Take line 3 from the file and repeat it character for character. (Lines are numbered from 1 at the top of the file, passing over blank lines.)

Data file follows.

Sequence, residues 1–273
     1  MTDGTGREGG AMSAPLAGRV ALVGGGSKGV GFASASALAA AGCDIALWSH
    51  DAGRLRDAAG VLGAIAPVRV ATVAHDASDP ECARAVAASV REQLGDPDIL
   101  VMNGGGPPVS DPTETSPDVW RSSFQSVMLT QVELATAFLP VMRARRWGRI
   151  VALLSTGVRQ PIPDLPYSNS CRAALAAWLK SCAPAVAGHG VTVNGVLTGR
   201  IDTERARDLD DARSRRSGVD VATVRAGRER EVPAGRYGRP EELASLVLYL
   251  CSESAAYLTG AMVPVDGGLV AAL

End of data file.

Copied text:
    51  DAGRLRDAAG VLGAIAPVRV ATVAHDASDP ECARAVAASV REQLGDPDIL